Teaching and Learning with Technology

A few 21st Century Technology Tools

with 13 comments

The following link opens a blog containing a list of tools of the 21st Century you can explore: 21st Century Technology Tools.

Explore a few of the tools, return to my blog, and write a post on whether you currently use or plan to use any of those tools. If you currently use a tool, share your assessment about how it enhances the process of teaching and learning.

If you plan to use a tool in the future, share how you envision using it in your classroom.

Advertisements

Written by ngrassini

January 25, 2012 at 4:14 am

Posted in Uncategorized

13 Responses

Subscribe to comments with RSS.

  1. This was a very helpful link! While i have taken a few classes about these tools, it is beneficial to have it all in a book format, online, nonetheless. It is similar to to a dictionary. I bookmarked the site for future reference.

    Julie

    January 26, 2012 at 12:51 am

  2. Very cool post/link. The blog has some great resources that I absolutely love to use in the classroom. Personally, I’m a huge fan of Diigo over Delicious. I think the extra features that Diigo offer are very appealing to an educator. I even have a Diigo classroom group for my students to bookmark resources to share. They love finding the tools, but they love even more sharing what they found!

    Kelly Boushell

    January 26, 2012 at 1:36 am

  3. Interesting site concept…the ripple effect truly applies here! I’m familiar with some of the tools on this lsite; some are on my futures list. Our district encourages technology use, but the tech advisors are now shared by two schools–almost no individual teacher support because they’re overextended. And our in-services are all focused on the Core Curriculum. For example: Above, Kelly mentioned Diigo–I mentioned it to an English Department group this week, but nobody had heard of it but the librarian, who said it’s on her list of tools to check out.

    Natalie Damico

    January 26, 2012 at 1:32 pm

  4. There are a few technologies here with which I am familiar. I have used Diigo in the past as well as Prezi and Evernote. Glogster and WallWisher sound a lot like Pinterest. I love Pinterest but have never considered using it in the classroom. A Pinterest board on character novels is an idea that I am going to bring up with my co-teacher as soon as I finish this post. I am also going to look into Dropbox right away as well. This would have been so helpful to have during my students’ research paper that I am going to look into implementing it for next year.

    Stephanie Daniels

    February 21, 2013 at 8:38 pm

  5. I have had experience using some of the tools listed. Many of the tools I have used were in conjunction with classes I have taken. I have used Wiki spaces, Ditgo, DropBox and Evernote in my on line classes. I will never claim to be very good at using them. I used them to complete the requirements of the assignments. I have planned to go back and explore them better, but have not had the time to do so. I helped a student uses Glogster to complete an assignment for a class. I have used Skype to talk to my son in college, but it is used more often to talk to my niece who is a missionary in India. I would like to introduce my students to Wordle. I think they may be able to use this to complete some assignments. I have heard much about Prezi. I have gone to the Prezi webpage and explored, but I have never used it. There are so many tools available to use, it is hard to pick which ones to use.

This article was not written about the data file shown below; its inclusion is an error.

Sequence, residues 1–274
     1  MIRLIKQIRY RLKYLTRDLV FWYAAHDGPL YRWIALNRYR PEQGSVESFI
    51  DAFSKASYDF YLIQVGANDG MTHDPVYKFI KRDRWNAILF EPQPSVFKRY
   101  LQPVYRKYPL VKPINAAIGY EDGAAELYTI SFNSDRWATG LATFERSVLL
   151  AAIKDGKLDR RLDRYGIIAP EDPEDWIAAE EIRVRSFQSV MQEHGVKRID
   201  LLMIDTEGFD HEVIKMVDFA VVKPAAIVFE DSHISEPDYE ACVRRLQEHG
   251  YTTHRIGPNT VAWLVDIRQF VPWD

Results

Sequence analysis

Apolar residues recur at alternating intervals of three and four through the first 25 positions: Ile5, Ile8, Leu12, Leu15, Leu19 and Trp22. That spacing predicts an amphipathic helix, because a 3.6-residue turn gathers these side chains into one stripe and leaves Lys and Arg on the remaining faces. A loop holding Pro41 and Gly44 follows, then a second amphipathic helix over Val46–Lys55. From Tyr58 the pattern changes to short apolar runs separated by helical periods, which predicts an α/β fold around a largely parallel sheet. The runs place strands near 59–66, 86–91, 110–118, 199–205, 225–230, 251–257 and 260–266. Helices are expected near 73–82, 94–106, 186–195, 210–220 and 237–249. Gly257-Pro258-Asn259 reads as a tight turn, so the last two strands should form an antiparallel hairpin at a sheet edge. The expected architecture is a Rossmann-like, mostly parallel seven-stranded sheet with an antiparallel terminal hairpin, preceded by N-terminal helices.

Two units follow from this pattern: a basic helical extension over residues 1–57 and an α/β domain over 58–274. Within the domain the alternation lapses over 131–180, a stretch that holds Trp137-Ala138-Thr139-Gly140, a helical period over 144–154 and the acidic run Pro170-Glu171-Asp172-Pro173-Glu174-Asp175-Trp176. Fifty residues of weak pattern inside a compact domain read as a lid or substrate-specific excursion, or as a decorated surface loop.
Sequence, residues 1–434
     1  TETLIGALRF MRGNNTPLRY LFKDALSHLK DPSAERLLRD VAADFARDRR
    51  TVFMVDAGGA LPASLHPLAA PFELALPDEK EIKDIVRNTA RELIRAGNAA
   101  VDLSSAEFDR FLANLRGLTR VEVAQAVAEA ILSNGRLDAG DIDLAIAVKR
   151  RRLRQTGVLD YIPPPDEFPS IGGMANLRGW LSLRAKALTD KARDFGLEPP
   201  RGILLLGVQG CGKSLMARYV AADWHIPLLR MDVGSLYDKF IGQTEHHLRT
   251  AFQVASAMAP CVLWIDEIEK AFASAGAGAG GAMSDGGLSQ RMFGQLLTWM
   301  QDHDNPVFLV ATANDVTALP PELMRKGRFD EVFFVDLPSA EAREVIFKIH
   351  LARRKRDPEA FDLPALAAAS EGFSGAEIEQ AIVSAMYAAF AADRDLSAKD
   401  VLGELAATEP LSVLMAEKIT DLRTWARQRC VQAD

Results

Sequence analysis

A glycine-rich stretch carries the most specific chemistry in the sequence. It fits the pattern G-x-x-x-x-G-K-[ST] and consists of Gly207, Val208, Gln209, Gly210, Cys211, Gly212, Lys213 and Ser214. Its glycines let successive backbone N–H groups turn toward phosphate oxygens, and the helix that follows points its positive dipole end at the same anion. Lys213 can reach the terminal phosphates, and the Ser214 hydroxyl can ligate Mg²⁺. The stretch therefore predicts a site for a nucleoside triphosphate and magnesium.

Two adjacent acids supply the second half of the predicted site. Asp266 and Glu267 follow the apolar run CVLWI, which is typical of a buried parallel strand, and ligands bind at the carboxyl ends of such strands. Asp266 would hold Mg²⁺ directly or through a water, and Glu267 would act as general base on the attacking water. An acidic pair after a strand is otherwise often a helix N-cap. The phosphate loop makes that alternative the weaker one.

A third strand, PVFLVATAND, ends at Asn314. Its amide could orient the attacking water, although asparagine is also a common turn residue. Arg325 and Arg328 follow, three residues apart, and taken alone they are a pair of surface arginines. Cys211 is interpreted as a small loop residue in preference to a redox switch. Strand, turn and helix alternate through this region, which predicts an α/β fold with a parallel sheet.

Elaine Snyder

    February 22, 2013 at 8:25 pm

    • Trying this again

      Scott Exaros

      March 7, 2016 at 3:06 pm

  6. Pretty cool link to some very useful tools! I have used Diigo before both in the classroom as a teacher and as a student. It’s a great site for listing lots of useful resources. Glogster is another one that I used a lot as a 5th grade teacher during my Civil War unit. I also created a research proposal on the effects of teaching with technology vs. a textbook and Glogster was my technological focal point! Both of these tools are great to use in the classroom because it provides students with the opportunity to search for information on their own without a teacher cramming it for them. They have the opportunities to explore a little more freely and make the learning process more meaningful.

    Scott Exaros

    March 7, 2016 at 2:23 pm

  7. Many people that have commented so far have mentioned Diigo as a great 21st century technology tool to use in the classroom. I agree. It is user friendly even for people who are considered a digital immigrant. Each class has students with different interests so I like to see the different issues that arise from the same topic discussed in class.

    Lisa Hohenshilt

    March 7, 2016 at 3:20 pm

  8. Wordle & Skype are two of the Technology Tools that are mentioned in that link, and both of these I have had some experience with. I find that Wordle is an awesome summary tool for at the end of a section or unit with course vocabulary. This year in my Algebra courses I put a very high emphasis on content vocabulary, so that students know exactly what the vocabulary words we are using in class really mean. At the end of a unit or chapter I will have them create a wordle at times to simply review all of the words associated with that chapter. They really enjoy it! Skype is another program I have some experience with, as our students who take summer school courses are required two “face time” meetings. This can be accomplished either in person or through using Skype, so in the past I have used Skype to save time and transportation over the summer months. Both have a great place in the world of education and definitely deserve to be on that list!